Review: Tiong Bahru Social Club

by Susan Chang

Photo Credit: Tiong Bahru Social Club/Facebook

TIONG BAHRU SOCIAL CLUB, Tan Bee Thiam’s solo directorial debut, is a satirical comedy that follows a man (Ah Bee) who leaves his humdrum routine office job to become an “Agent” for a data-driven project aimed at creating the “happiest neighborhood in the world”.

The opening scene invites the audience to Ah Bee’s 30th birthday and his last day at work. Bee is being shouted at by his supervisor, pointing out that he should not approve every application. “Must follow the bell curve, you know”, she says.

Photo credit: Tiong Bahru Social Club/Facebook

Amusing and original, this line reminds many locals of the “Bell-Curve God”, emerged from the bell curve grading system in school, to which students “pray to” in hoping that they will be placed in a better spot along the curve. This perhaps foregrounds Bee’s anticipation that working as a happiness agent could be different. Bee is encouraged by his mother to take the new job, confident that he will be able to find meaning and happiness.

Upon his arrival, Bee is given a Happiness Ring, to “constantly” measure his happiness and positive impact on others. His dorm room is also equipped with BROVO60, an AI who “is Bee’s only friend”, but censors his emotion and finds ways for him to “hit the required KPI”. Every day at the residence, Bee and the other “happiness agents” are reminded by their supervisors that they have to increase “Gross community happiness”—the happiness level of their senior clients, other agents, as well as themselves. Everyday routines consist of artificial laughing and intimacy workshops. This indicates ironically how modern people have lost the ability to connect with oneself and others emotionally.

Bee starts to be troubled by a profound sense of emptiness, despite having a house, a girlfriend, and a job with prospects. As soon as he realizes that emptiness is where his full possibility lies, he decides to leave the Tiong Bahru Social Club and return home, a residential building of what seems like the Pearl Bank Apartments that is about to be sold for redevelopment.

Photo credit: Tiong Bahru Social Club/Facebook

The last scene ends with Bee and his mother laughing lightly at the commercial of “Pearl Social Club”, but the ambiguity of their emotions give the film a sense of being a gloomy tragedy where no one gets out of the system. However, perhaps like Peter Weir’s The Truman Show, the director wants to remind us that we are all in charge of our own happiness, regardless of how imaginative we are.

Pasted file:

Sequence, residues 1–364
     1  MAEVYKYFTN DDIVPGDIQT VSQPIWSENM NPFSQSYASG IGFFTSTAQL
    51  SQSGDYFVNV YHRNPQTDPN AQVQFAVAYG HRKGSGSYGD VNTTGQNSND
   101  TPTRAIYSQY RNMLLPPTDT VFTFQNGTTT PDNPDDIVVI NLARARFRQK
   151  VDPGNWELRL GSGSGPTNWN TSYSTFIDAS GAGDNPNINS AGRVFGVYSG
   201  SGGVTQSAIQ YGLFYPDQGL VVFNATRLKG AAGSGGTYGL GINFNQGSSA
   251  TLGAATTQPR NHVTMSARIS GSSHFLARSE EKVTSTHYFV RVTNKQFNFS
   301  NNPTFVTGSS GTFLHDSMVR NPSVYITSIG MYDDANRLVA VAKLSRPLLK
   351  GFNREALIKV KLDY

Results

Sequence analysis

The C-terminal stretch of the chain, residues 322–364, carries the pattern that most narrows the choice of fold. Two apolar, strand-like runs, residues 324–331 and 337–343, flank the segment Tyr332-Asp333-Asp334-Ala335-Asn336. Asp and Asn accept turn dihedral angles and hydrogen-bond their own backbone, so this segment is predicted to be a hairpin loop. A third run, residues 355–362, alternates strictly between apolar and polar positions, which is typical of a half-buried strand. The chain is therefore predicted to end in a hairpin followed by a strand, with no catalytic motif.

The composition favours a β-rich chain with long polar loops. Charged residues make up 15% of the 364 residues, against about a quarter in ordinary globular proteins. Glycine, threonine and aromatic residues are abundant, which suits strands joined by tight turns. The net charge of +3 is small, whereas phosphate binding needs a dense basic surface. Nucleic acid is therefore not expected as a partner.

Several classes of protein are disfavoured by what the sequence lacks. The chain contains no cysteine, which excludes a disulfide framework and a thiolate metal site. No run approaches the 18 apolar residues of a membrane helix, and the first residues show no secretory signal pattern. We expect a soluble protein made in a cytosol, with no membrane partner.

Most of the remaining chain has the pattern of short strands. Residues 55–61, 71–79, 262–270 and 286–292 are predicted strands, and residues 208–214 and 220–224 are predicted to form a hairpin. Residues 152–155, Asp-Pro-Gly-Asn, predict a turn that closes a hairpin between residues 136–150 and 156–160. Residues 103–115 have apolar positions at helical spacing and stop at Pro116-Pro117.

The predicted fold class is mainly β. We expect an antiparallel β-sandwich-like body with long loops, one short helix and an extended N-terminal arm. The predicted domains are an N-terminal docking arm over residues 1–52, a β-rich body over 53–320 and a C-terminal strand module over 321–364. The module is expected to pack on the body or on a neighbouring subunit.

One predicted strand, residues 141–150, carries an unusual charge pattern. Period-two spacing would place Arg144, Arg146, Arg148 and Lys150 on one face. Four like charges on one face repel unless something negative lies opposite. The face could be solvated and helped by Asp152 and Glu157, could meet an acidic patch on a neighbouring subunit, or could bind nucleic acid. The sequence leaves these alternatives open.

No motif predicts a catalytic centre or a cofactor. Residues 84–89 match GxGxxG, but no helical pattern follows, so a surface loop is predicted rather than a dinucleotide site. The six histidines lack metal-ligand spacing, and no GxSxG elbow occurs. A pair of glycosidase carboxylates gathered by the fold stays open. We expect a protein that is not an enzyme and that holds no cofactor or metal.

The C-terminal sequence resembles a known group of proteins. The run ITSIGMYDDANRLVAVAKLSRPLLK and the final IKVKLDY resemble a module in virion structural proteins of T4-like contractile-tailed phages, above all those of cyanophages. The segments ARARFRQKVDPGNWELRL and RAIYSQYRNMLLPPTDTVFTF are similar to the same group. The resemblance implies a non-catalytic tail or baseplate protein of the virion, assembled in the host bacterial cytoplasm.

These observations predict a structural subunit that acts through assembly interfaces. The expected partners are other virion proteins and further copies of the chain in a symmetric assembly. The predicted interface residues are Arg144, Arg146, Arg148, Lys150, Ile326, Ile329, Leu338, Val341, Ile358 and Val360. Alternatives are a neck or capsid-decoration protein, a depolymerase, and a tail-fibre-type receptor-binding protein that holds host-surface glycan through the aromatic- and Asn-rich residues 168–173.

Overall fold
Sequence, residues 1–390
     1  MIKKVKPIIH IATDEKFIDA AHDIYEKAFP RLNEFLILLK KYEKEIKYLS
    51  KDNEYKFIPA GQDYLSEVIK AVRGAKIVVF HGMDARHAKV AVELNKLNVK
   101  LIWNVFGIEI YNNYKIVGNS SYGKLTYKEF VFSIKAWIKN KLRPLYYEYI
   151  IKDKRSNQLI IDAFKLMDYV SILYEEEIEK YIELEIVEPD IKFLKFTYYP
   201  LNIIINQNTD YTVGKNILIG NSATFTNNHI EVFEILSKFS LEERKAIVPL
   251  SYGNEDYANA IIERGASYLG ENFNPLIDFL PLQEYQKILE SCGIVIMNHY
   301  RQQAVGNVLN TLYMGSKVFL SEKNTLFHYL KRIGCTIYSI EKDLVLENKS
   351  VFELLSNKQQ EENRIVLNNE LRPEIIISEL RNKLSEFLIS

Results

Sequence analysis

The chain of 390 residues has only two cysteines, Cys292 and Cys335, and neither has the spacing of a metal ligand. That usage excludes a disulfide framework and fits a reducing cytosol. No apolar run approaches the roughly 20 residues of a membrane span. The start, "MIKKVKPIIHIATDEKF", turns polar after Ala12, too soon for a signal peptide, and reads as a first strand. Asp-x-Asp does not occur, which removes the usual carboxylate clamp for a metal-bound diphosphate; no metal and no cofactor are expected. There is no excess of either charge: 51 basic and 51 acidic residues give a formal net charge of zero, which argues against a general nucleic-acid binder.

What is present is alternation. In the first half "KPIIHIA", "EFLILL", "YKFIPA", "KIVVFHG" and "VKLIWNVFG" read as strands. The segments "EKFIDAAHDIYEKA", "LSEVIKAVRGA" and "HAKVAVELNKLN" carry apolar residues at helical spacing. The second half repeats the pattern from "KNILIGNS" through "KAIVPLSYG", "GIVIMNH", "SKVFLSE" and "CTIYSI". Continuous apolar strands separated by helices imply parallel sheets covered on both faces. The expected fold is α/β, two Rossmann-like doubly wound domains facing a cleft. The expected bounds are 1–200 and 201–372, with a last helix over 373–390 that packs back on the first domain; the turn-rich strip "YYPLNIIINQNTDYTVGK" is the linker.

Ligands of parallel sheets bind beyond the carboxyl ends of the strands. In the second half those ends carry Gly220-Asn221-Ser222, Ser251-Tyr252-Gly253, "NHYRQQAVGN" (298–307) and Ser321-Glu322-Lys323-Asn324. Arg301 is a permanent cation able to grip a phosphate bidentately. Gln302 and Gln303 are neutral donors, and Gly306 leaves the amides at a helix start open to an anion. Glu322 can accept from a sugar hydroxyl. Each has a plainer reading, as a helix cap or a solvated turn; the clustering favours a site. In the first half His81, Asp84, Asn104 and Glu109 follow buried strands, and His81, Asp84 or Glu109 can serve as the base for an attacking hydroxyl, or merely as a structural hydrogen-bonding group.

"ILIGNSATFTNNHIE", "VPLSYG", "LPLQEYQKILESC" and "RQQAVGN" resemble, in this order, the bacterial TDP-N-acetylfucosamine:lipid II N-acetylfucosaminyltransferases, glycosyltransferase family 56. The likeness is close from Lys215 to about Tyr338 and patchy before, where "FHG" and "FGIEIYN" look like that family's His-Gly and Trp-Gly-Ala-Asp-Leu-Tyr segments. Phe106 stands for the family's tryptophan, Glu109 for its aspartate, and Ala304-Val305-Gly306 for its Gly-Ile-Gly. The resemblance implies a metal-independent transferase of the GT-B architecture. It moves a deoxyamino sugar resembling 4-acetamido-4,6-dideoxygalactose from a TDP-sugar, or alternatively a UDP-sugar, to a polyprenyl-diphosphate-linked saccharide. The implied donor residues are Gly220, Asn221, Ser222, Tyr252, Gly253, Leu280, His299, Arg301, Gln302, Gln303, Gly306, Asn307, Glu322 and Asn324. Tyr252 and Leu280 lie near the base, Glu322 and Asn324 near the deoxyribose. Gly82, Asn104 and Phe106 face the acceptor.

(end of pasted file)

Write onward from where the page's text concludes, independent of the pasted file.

Tan Bee Thiam also plays well with color and nostalgia, among other important elements that make this film significant. The selection of colors speaks indiscernibly but directly to the human senses. Happiness Agents are given a yellow uniform. Yellow is the color of youth, energy, and optimism. However, too much of it, can cause self-esteem to plummet, giving rise to fear and anxiety. This is in contrast to the color of Bee’s friendly co-worker Orked’s clothing on the day she resigns—Blue, a color often described as peaceful, tranquil, and serene. The characters are also often placed under pink neon lights, tinting the film’s setting with a futuristic gleam.

While the director imagines an alternative future for Singapore, the two main scenes are set in Tiong Bahru and the Pearl Bank Apartments, the two of the earliest developments in Singapore. Tiong Bahru was developed in the 1920s as Singapore’s first public housing estate, while the Pearl Bank Apartments was once the tallest and densest private residential building in Singapore. The two estates will face different futures in terms of development and conservation, and putting these two sites together gives the film a retro future treatment, and at the same time allows the audience to think about the changes of urban landscape over the decades.

Photo credit: Tiong Bahru Social Club/Facebook

The film strikes home for many people reaching their 30s in this precarious world with no house, no car, no job, no relationship. This soft sci-fi illuminates social issues such as low marriage rate, the loss of human ability to connect with each other, an aging society, the growing digital world, and increasing reliance on algorithms and KPIs. Serving as both witty commentary and satire at the same time, the film points to how the lack of knowing how and what happiness means not only looms over Singaporeans, yet also finds resonance with other parts of the world.

Tan Bee Thiam has chosen an amusing take on the standard of living in Singapore. While the film does leave the audience questioning the concept of happiness, it also shows the (limited) power of human agency, where different characters all seem to find their way out under the scope of different sociological imaginations. The film also invites the audience to imagine a dystopian future (or perhaps reality) and to ponder over whether happiness can be measured—but can and should everything be measured if we choose to stay humane?